In graduate school, we often study what companies and people did in the past and find ourselves wondering – how the hell did they make a mistake as dumb as that?
But, as my experiences have taught me, consistently doing simple things right is among the hardest things in the world.
High investment returns come from believing things others don’t believe in.
While it is tempting to believe that only financial investors and venture capitals should care, in reality, we are all investors. We all invest in people and ideas every single day. And, the bets that result in massive return (financial or otherwise) are those where we saw potential quicker than most other people.
So, it is worth asking ourselves – how do we see the world?
If all we see are what “common knowledge” dictates, it is unlikely we’ll experience anything uncommon.
Every age has had a collection of flawed beliefs that have driven behavior that made little sense in retrospect. In the early 1900s, thanks to the psychologists of the day, kids in England were separated from parents and sent to boarding schools at an early age. And, until a decade ago, we had a couple of decades where the press and flawed research would have us believe that boosting self esteem was more important than anything else.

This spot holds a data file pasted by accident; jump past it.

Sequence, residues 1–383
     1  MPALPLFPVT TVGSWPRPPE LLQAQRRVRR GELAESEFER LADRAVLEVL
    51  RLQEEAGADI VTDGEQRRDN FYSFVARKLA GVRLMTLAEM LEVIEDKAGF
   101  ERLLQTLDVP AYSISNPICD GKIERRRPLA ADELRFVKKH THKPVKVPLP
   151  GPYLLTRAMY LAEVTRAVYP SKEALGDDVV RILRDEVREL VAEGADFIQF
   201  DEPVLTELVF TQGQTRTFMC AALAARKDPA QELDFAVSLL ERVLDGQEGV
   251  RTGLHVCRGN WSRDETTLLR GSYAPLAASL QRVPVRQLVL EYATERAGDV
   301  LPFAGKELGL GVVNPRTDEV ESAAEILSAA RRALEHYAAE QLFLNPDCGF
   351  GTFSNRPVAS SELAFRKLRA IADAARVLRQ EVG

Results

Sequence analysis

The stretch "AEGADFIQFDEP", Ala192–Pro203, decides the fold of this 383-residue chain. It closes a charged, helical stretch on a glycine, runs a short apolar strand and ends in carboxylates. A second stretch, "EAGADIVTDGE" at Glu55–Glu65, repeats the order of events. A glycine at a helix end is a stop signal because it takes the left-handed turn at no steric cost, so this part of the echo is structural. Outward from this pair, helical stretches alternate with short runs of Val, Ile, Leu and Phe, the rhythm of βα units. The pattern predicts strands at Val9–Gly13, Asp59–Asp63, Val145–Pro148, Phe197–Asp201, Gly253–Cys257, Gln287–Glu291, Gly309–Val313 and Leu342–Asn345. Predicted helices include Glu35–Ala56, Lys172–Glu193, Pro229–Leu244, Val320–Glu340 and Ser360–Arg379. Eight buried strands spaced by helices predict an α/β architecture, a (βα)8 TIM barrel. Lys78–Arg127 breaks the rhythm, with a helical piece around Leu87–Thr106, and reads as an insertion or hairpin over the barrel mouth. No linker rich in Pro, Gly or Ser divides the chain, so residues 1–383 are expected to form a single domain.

An item on the current list of head-fakes, in my opinion, is giving and receiving feedback. Managers are asked to take it seriously, leadership coaches are studying it and business schools are talking about it.
Before I explain why, I’d like to highlight a quick terminology quirk. I refer to professional feedback as feedback around hard skills – e.g. creating better PowerPoint, doing better analysis, giving better presentations, etc. And, personal feedback refers to everything else. This deals with all the hard, personal stuff – “you come across as too mellow” or “you’re going to have to learn to tone it down.” The lines between these can often be blurred. But, it is important we start with these definitions and work our way through the problem.
There are 3 reasons for most feedback being useless –